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Equivalent Ratios 2

Alignments to Content Standards: 6.RP.A


In a marching band there are 24 trombones and 15 snare drums.

  1. Heather says, “The ratio of trombones to snare drums is 24:15.” Audrey says, “No, the ratio of trombones to snare drums is 8:5.” Who is right, and why?

  2. A different marching band has 30 snare drums, but its trombone to snare drum ratio is the same as the first marching band. How many trombones does it have?

  3. Explain what these ratios all have in common:  8:5, 16:10, 24:15. Create a diagram to support your answer.

  4. Mathematicians call these “equivalent ratios.” Come up with a new set of ratios that are equivalent to 6:21.

  5. Explain in your own words the meaning of “equivalent ratios.”

IM Commentary

The purpose of this task is to make explicit the meaning of equivalent ratios. Students create, analyze, and draw diagrams of two different sets of equivalent ratios, and then they write their own definition of "equivalent ratios" in their own words.

This task should not be students' first encounter with equivalent ratios, but rather, should cap off lots of work with sets of equivalent ratios in many contexts using different representations.

We suggest showing a few minutes of a performance by a large university marching band (there's an example embedded at the bottom of this commentary) before starting this task (or maybe during a short break). Students who participate in band might think some of the quantities given are unrealistic, but some marching bands are quite large. A teacher could take a few minutes to see how many instruments students can identify.

Part (a) is meant to clarify that even though 24:15 and 8:5 are written with different numbers, that they both correctly describe the situation. Using language like "there are 24 trombones for every 15 snare drums" and "there are 8 trombones for every 5 snare drums" can help reinforce this, especially with an appropriately constructed diagram. When experienced practitioners talk about "the ratio," they often automatically assume a reduced form written with the smallest possible whole numbers; but there's nothing about the mathematics that requires this.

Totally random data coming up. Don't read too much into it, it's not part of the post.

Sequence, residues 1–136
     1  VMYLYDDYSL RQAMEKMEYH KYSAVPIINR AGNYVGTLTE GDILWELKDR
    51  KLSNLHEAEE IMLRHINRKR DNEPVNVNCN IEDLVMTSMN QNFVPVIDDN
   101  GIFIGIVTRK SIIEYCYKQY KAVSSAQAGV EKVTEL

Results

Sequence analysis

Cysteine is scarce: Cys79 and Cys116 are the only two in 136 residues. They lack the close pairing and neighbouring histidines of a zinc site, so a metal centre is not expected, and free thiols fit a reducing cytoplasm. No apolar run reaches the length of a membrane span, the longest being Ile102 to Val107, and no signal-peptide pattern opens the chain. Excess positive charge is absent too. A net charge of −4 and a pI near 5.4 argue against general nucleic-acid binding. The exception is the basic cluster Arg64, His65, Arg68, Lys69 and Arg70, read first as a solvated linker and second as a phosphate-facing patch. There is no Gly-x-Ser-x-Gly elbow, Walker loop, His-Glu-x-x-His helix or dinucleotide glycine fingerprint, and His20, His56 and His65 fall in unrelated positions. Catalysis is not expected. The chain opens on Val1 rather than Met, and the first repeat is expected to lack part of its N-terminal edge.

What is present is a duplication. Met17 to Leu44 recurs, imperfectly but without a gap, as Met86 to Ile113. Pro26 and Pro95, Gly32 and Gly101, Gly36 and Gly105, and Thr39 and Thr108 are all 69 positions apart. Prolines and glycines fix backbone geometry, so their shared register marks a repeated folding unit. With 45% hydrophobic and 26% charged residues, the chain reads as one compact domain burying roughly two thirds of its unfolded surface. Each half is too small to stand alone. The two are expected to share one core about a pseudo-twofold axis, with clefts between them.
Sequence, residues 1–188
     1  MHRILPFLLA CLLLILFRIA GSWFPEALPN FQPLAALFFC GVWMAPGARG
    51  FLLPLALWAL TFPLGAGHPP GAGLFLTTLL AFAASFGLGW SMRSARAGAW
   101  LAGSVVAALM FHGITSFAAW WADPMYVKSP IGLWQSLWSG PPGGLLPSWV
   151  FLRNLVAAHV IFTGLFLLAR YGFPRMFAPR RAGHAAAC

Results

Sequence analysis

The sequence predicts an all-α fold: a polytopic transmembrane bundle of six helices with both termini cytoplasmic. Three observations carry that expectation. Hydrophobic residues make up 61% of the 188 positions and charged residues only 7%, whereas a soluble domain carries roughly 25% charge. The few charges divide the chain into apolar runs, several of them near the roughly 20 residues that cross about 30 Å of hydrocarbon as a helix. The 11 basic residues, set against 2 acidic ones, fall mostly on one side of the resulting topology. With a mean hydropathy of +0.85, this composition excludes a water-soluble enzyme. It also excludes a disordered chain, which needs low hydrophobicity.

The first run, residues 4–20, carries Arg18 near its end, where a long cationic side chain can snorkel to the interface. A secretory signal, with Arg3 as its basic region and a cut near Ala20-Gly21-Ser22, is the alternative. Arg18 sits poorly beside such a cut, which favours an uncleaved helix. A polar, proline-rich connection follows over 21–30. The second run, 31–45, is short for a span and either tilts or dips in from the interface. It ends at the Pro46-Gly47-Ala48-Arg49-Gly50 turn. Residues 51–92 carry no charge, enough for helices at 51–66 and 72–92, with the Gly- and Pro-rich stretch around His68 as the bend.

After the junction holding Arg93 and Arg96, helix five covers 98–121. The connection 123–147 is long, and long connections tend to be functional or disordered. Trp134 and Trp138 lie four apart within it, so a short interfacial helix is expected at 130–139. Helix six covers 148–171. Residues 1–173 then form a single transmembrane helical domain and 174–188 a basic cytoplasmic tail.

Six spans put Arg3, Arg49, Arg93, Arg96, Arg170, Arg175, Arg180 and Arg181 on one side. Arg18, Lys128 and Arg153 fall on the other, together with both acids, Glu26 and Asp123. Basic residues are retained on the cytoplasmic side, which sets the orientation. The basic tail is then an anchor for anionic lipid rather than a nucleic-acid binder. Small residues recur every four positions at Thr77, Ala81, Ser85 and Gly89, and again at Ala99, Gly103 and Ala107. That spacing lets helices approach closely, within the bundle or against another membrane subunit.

Students who have worked with unit rates, especially if they have come to see unit rates as useful, may generate something like $\frac{8}{5}:1$ in part (c) and $\frac{2}{7}:1$ in part (d). This could present an opportunity for a nice conversation about keeping a context in mind when representing quantities (involving aspects of MP2). There's nothing mathematically wrong with saying that $\frac{8}{5}:1$ is a ratio equivalent to the others in part (c), and it may be a good use of time to point out how we can see $\frac{8}{5}:1$ in a diagram. At the same time, we can recognize that it would be impossible for a marching band to contain $\frac{8}{5}$ (a little more than one and a half) trombones.

The solution to part (e) is given in a form that a student might produce. More formally, we might say "Given a ratio $a : b$, an equivalent ratio is any ratio of the form $sa : sb$ where $s$ is a positive number." Students are likely to say "multiply or divide" instead of just "multiply." A teacher might decide to let this go or to take the time to talk about how in math we like to write definitions as simply as possible. Since, for example, dividing by 4 is the same as multiplying by $\frac{1}{4}$, we can get away with just saying "multiply." 


  1. They are both right! These are different ways of correctly describing the situation.

  2. Here is the given information and what we want to find organized in a ratio table:

trombones 24 8 ?
snare drums 15 5 30

In the snare drum row, I notice that 30 is 6 groups of 5. So the number of trombones indicated by the ? must be 6 groups of 8, or 48 trombones.

  1. Each ratio is a multiple of 8 and 5. Here is a diagram that shows this:

But drawing all those squares is cumbersome! We could choose a different representation; for example, here is a double number line diagram:

  1. Answers may vary. Some ratios that are equivalent to 6:21 are 2:7, 4:14, and 12:42.

  2. You can get an equivalent ratio if you start with the two numbers that make the ratio and multiply them by the same number.